Technical Solution to Sibling Rivalry (i.e., multi-user access management) with Alexa?

As a parent of two teenagers who don’t always get along…

The first child would like to control his lights.
The second child would like to control her lights.
Neither would like the other to control his or her lights.
But both would like to control a common hallway light.

And my wife and I would like to control all 3 (his, hers, and common)–but ideally don’t want either controlling the rest of OUR lights.

We all control lights with Alexa. We have three different Alexa devices signed into three different Alexa accounts, but they all link to the same SmartThings hub/account…and there doesn’t seem to be a way to limit which Alexa account sees which SmartThings device…or that would solve everything.


I’m not opposed to multiple SmartThings hubs and accounts…and one possible solution (and perhaps this is easy…) might be the creation of virtual devices in one hub/account that are somehow mirrored to actual devices in another. I just can’t figure out the “somehow mirrored” part because everything I can find (e.g., IFTT) links to only one SmartThings hub/account at a time. I could solve everything with a simple “If actual/virtual device in account A turns on, then turn on virtual/actual device in account B”.

I have WebCoRE installed and working…but I’m not exactly a WebCoRE guru and would appreciate more specific guidance if this is, in fact, possible.


Tell the teenagers to stop acting like kids and that their allowances will be stopped if they keep switching each others lights.

Sometimes the solution does not comprise 1s and 0s :smile:

If you need a technical solution, removing the Smartthings app from their devices and giving them each their own Action Tiles (or similar) dashboard might be an alternative.


Hm… could you just delete the devices that the user is not supposed to control from the Alexa Smart Home settings (i.e. in the “Amazon Alexa” app)?

That would break rule 1 “child controls own light”. The Alexa app does not allow a granular level control of smart home devices across echo devices - its all or none.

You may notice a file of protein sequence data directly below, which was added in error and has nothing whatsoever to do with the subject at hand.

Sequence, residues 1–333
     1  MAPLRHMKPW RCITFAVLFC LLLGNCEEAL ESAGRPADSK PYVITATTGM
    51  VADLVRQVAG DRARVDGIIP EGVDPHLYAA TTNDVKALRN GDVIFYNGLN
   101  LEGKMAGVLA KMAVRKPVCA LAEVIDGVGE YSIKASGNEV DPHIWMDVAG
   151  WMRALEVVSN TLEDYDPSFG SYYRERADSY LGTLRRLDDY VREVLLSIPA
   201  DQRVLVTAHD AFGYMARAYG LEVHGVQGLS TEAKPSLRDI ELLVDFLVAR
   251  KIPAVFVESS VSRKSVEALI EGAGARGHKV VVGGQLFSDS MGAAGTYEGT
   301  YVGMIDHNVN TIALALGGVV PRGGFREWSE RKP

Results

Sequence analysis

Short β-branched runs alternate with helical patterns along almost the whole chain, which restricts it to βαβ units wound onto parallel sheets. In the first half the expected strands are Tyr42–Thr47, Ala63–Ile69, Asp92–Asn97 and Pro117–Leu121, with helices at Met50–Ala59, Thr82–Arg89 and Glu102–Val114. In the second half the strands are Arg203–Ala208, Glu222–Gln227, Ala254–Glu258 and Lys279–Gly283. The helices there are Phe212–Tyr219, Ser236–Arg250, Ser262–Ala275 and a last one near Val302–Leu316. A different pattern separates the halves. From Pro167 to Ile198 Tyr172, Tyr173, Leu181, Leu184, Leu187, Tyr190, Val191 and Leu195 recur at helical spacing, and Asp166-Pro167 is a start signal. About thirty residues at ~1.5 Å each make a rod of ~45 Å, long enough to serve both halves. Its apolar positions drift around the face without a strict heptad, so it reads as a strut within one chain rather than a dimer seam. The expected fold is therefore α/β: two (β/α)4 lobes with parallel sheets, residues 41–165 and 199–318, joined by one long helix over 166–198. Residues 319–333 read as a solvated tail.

Or you could use another/different skill for each Echo that can connect to smartthings e.g. Gideon, Harmony, IFTTT, . You can limit the device to access in that skill. To simplify the commands can use then just create routines with the shorter commands.

Tried that. The Alexa app re-discovers the deleted devices.

You can control which devices/scenes Alexa will discover in the Smartthings Alexa SmartApp.

Or you can tell your kids to control themselves :blush:

That’s a partial workaround, and I have partially used it. One room has the cheap $15 Walmart RGBW light bulbs. Since those bulbs are controlled through a different application (i.e., “Smart Life”), I use IFTTT to mirror them to SmartThings virtual devices.

But the other room has z-wave controllers and its own SmartThings hub/account. IFTTT can only connect to a single SmartThings account. I"m looking for a way to bridge between those two SmartThings hubs/accounts.

The old post seems to be exactly what I’m looking for. I have multiple hubs/ST accounts, and am trying to link them. Those separate hubs/accounts just happen to be at a single location.

The SmartThings Alexa app can only control which device ANY Alexa can discover. The kids have separate Alexa accounts from me (borne of a deep fear that Alexa will think I like hip-hop music…). Problem would be easily solved if SmartThings Alexa app could differentiate devices discovered by different Alexa accounts. But it can’t.

Use a belt?

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Perfect. Thanks!

I’m a WebCoRE newbie, and couldn’t figure out how to bridge hubs/accounts.

Best I can tell, the only way to do this with a single account/hub is to add multi-user support to the SmartThings Alexa app. But as long as the hubs can’t differentiate Alexa accounts, the only workaround I saw was to work upstream–with separate hubs/accounts somehow bridged together.

Thanks again,

The journey is the destination. My kids just gave me a use case. Happiness is solving problems–whether they need to be solved or not.

And it’s all good…I’m an early adopter with older-generation crap laying around…just waiting for a reason to be used again.

Thanks again,

Nowadays, that unnecessary roughness … oh, wait, that’s US football … nevermind …

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